In this space, visitors are invited to post any comments, questions, or skeptical observations about Philo T. Farnsworth's contributions to the field of Nuclear Fusion research.
Subject: Re: Sorption Pumps
Date: Jan 18, 10:58 pm
Poster: Richard Hull
On Jan 18, 10:58 pm, Richard Hull wrote:
>Can you describe the bakeout cycle, please? Do you think it's possible to bakeout with an aspirator sucking up the exhausted vapors?
The bakeout cycle, I believe, has been discussed before here, but here goes again.
The sorbant is load with bad stuff, let us say. In a good sorption pump manifold there are at least 2 pumps, sometimes three and a minimum of four valves.
The key thing is to remember that you can mess a system up if the valving is not handled well. In general, the dirtiest pump will be the one first brought on line in evacuation.
First turn on the forepump, (mechanical or aspirator.)
Next, open the valve to the first sorption pump and at the same time, operate its heaater. Once the heater reaches final operating temp (30 minutes or so) give the pump 1-2 hours at full temp. Next open the valve to the next pump and start its heater. Again, once up to temp give it one to two hours. And so on for any additional pumps. All this long time, the forepump must be left running!!!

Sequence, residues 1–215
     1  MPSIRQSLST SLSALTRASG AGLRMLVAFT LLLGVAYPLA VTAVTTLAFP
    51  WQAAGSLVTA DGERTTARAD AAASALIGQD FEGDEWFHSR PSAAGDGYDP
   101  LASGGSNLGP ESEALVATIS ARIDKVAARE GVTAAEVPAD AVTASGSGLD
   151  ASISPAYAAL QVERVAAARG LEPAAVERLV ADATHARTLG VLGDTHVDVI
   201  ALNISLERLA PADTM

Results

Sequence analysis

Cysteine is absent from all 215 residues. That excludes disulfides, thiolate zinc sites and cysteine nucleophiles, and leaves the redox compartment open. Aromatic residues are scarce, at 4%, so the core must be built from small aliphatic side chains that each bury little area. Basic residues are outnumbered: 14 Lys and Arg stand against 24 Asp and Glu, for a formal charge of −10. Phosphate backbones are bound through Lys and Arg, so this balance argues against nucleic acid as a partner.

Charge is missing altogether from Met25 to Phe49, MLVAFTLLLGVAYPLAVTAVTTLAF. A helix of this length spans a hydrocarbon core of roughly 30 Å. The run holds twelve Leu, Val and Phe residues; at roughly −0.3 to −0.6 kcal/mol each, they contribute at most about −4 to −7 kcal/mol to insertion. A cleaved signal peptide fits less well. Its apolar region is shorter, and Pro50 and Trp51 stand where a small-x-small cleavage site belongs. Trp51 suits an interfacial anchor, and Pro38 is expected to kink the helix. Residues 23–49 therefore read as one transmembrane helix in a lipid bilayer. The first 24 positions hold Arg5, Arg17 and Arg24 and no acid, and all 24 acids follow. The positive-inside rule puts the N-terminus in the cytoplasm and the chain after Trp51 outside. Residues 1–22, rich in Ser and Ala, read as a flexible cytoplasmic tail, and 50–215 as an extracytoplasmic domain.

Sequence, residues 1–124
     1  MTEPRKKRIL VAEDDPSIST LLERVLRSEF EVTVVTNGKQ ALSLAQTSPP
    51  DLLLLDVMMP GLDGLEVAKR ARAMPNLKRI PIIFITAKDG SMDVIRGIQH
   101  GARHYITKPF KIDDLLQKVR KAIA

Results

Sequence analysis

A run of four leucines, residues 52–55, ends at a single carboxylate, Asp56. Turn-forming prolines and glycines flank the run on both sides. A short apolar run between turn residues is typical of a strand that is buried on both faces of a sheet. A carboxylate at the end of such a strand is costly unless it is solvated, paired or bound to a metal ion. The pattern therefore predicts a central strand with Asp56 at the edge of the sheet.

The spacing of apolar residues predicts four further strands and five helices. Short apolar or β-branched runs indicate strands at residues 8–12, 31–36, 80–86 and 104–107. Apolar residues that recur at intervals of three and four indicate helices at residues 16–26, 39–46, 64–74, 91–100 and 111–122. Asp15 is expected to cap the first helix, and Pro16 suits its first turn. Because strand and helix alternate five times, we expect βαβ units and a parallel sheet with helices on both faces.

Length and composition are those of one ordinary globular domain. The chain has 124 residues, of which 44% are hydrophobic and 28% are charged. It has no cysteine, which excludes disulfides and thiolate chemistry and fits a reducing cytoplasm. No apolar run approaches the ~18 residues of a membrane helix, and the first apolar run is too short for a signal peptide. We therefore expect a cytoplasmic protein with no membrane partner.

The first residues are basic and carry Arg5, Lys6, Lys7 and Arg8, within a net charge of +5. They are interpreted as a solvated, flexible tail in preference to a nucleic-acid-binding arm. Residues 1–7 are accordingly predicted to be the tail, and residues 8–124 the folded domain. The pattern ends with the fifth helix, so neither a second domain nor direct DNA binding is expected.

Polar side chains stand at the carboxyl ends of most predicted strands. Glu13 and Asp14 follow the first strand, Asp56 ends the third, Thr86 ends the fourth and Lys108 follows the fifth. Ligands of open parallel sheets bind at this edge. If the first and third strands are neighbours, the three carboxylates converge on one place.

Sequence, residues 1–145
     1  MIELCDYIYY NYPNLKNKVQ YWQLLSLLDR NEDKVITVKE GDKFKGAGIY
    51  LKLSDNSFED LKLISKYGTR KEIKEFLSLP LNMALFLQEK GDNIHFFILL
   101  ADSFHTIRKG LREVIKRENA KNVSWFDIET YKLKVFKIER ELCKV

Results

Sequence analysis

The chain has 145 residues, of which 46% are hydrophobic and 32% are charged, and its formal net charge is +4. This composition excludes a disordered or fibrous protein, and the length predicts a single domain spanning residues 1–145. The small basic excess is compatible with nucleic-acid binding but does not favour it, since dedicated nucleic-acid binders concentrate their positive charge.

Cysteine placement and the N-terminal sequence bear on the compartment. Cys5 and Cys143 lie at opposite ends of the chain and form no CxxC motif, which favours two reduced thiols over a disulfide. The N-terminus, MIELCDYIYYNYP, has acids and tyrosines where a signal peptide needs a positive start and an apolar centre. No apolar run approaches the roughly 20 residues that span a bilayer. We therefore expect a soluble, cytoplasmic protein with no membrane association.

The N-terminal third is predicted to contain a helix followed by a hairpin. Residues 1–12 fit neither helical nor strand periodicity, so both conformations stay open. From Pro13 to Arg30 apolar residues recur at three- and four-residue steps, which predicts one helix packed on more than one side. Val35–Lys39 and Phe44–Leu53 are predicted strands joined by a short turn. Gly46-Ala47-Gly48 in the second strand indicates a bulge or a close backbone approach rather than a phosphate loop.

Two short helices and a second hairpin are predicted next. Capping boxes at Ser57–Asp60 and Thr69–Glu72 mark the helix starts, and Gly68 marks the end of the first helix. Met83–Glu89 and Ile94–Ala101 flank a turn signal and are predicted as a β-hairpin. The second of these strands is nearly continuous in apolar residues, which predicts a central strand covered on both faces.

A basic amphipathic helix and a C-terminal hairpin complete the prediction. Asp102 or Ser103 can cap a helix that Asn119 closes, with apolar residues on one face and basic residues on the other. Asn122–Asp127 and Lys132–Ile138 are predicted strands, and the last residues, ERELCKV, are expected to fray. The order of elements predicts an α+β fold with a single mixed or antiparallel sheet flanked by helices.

Some people choose to physically remove the sorbant from all pumps and heat the mass in a vacuum or vented oven for just two hours. This avoids multiple valving and long forepumping periods.
I assume that you know the down side of sorption pumps in that you must forever keep the pumps under LN2 even after valve off from the main chamber. This is especially true of the first pump in the manifold. If the pump which is sealed gets warm again, the outgassing sorbant can give rise to possible dangerous pressures. The other option is to open the forepump valve on the first pump, once the second pump is finished, valved off and the third pump is brought on line. At this time the LN2 bucket can be slipped off of the first sorption pump. Warming of the valved off second and third sorption pumps to room temp is not dangerous, as they have small amounts of contained gas compared to the first.
The aspirator is OK, I suppose, but it is limited by water's vapor pressure at any given temperature and water backstreaming might be a severe problem. I would watch the pressure on such a pump, and as long as it drops, you are OK, but the moment it starts to rise, your sorbant is loaded and you must valve off that first pump and start the second.
- Re: Sorption Pumps - Pierce Nichols Jan 19, 2:50 pm